Two years after the introduction of Registered Reports in Developmental Science, we ask the Editors to reflect on the take up and reaction of the research community to this article type.
Learn how Developmental Science’s introduction of Registered Reports is advancing the developmental psychology research.
1. What are you most known for in your research community?
I have been doing brain imaging, in particular near-infrared spectroscopy (NIRS), with newborns and young infants to uncover the origins and neural basis of language development.
2. The one benefit of Registered Reports I feel most passionate about is…
… the possibility to have research questions published and time-stamped, thus guaranteeing publication opportunity even for young or less well-funded labs, so they have the freedom to test innovative ideas even if they turn out to be empirically false.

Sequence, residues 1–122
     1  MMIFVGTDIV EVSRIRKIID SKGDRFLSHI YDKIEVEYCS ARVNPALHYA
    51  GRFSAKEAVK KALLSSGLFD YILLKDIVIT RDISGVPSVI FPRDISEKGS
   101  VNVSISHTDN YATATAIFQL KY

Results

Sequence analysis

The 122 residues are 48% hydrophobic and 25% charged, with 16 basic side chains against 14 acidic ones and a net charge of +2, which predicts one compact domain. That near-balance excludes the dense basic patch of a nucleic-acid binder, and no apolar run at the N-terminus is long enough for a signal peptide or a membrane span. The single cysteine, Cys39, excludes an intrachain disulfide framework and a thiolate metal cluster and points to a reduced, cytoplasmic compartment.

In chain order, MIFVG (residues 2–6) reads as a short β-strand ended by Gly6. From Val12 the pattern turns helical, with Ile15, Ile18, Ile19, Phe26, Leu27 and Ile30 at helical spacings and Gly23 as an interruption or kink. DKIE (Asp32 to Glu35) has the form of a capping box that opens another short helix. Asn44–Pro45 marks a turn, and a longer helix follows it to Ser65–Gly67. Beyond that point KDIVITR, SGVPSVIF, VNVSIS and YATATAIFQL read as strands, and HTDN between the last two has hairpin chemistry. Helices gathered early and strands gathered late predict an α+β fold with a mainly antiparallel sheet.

3. What book are you reading at the moment?
In my own area, I am reading Gyorgy Buzsaki’s Rhythms of the Brain - it provides a very different perspective on the brain, anchored in physiology, than what I am used to in cognitive developmental neuroscience. I do hope one day we will be able to bridge these different approaches. As for fun, I have just re-read Salinger’s teenage classic, The Catcher in the Rye - a very developmental book, one might say. As a grown-up and having children who are slowly approaching adolescence, I have a different outlook on the book, but I was happy to discover the main ideas still resonate well with me. Maybe a sign that I have managed to keep my inner child alive!